Compassion and forgiveness are required in an intimate relationship because grievances will occur on the part of either or both parties.  Terry draws on the work of Fred Luskin, an expert in forgiveness, who talks about the “grievance story” or narrative that we develop when we are hurt in a relationship.  Grievance stories are effectively negative self-stories focused on our hurt that result from unresolved grievances we carry towards our partner over one or more incidents occurring in our second marriage.  They Invariably involve an unbalanced perspective, blaming the other person and some form of “punishment”, e.g. through personal attack (e.g. nagging) or withdrawal.

Acknowledging these harmful narratives and dealing with them through meditation and reflection can heal our wounds and enable us to participate more fully and constructively in our intimate relationship.  Fred’s book, Forgive for Love: The Missing Ingredient for a Healthy and Lasting Relationship, offers processes to overcome grievance stories.  It also provides an understanding of the nature of forgiveness, the underpinning science, the benefits of forgiveness and how to develop forgiveness (especially through the “gratitude channel”).

Reflection

After almost 35 years in a second marriage, I can readily relate to the issues described by Tami and Terry and the need for the perspectives and skills that they discuss to sustain a second marriage.  Their insights and strategies are particularly relevant, practical and workable.  As we grow in mindfulness, we can develop the acceptance, self-awareness and forgiveness necessary to deepen, enrich and sustain a second intimate relationship.  A key ingredient for success seems to be to develop a “growth mindset” along with tolerance.

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Image by Arek Socha from Pixabay

By Ron Passfield – Copyright (Creative Commons license, Attribution–Non Commercial–No Derivatives)

Disclosure: If you purchase a product through this site, I may earn a commission which will help to pay for the site, the associated Meetup group and the resources to support the blog.

Ways to Accept What Is

Diana Winston reminds us that part of mindfulness is “accepting what is” – being able to deal actively and constructively with our present situation, however unwelcome.  Diana, Director of Mindfulness Education at MARC, UCLA, defines mindfulness in her podcasts as paying attention to our present moment experiences with openness and curiosity and a willingness to be with what is.  Tara Brach argues that acceptance of what is begins with radical acceptance – overcoming feelings of not being good enough and fully accepting ourselves so that we can live life more fully.  Shamash Alidina stresses the proactivity involved in accepting what is – he argues for a growth mindset which entails being willing to learn from our experiences and to change what we can change.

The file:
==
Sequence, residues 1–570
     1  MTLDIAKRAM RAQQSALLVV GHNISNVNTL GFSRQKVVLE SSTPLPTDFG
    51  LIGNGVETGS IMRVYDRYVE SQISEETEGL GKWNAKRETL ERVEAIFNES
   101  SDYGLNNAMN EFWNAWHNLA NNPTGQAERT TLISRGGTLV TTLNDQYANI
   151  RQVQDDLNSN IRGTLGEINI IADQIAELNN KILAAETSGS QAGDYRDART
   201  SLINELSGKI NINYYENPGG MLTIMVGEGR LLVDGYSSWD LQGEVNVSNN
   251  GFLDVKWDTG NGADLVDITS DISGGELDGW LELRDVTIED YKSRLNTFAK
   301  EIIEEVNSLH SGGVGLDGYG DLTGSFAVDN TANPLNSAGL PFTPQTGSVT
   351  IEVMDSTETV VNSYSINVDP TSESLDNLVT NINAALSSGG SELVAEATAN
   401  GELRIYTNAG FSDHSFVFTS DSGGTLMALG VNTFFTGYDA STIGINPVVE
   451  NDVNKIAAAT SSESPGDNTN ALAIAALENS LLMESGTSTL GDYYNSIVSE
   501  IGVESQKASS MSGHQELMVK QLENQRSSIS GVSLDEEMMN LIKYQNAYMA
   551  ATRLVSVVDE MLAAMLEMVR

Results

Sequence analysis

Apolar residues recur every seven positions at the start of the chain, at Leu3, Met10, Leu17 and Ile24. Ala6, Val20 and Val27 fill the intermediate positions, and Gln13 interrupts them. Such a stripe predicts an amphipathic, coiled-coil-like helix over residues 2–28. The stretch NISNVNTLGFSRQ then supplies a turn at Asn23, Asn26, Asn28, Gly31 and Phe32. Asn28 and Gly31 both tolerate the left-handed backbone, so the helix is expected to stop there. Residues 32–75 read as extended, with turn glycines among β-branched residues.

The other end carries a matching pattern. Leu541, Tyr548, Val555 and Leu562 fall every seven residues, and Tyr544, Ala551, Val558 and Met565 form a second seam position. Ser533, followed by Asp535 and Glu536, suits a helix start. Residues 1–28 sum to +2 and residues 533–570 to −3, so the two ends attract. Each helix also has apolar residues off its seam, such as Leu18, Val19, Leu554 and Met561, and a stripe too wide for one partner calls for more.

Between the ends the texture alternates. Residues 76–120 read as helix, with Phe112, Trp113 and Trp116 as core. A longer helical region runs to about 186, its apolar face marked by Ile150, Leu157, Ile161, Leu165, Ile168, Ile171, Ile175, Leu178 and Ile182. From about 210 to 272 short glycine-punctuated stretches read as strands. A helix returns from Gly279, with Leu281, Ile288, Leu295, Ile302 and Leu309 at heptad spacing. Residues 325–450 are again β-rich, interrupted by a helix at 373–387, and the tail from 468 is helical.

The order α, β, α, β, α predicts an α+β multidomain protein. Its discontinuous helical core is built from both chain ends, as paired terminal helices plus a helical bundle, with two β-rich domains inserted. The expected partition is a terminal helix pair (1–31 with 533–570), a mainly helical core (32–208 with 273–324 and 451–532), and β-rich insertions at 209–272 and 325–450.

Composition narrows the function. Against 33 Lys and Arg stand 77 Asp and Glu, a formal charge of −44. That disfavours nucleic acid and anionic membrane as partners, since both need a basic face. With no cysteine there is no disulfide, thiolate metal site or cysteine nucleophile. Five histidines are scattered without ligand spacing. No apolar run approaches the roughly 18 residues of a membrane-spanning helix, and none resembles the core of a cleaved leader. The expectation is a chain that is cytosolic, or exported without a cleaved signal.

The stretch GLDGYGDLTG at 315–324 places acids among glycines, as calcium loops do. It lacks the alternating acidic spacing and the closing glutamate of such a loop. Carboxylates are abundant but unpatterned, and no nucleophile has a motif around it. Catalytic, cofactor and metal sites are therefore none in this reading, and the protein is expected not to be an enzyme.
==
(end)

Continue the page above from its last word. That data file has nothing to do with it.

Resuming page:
Ways to develop acceptance of what is

There are many times in life when things do not turn out according to our plans, our anticipation or our expectations.  These experiences can often lead to persistent negative and destructive feelings that undermine our ability to live life fully and be present for others.  Below are some ideas on ways to develop the requisite acceptance of what is:

  • Begin with self-acceptance – Tara’s book mentioned above has resources, exercises and meditations that can help to develop self-acceptance.  Tara also provides a wide range of free and paid resources on her web store – books, videos, e-books, audios, online courses – that provide insights and meditations to help us in the lifelong pursuit of radical self-acceptance.
  • Break the cycle of complaining – complaining reinforces our dissatisfaction through its negative focus.  It also contaminates the emotional wellbeing of those we interact with.  Mike Robbins reminds us that “what you resist, persists” – that what we complain about, what we focus on as unsatisfactory in our life, will become increasingly aggravating.   
  • Get it out of your head – Mike suggests that one way to do this is to make a list (preferably written) of all the things that cause you angst in your life – people, work, disappointments, anticipated or actual changes to your health or wealth.  As you review each item, reflect on whether you can accept the reality of this aggravation in your life.  He argues that acceptance of what is provides the pathway to internal peace and constructive change to make things better in some way.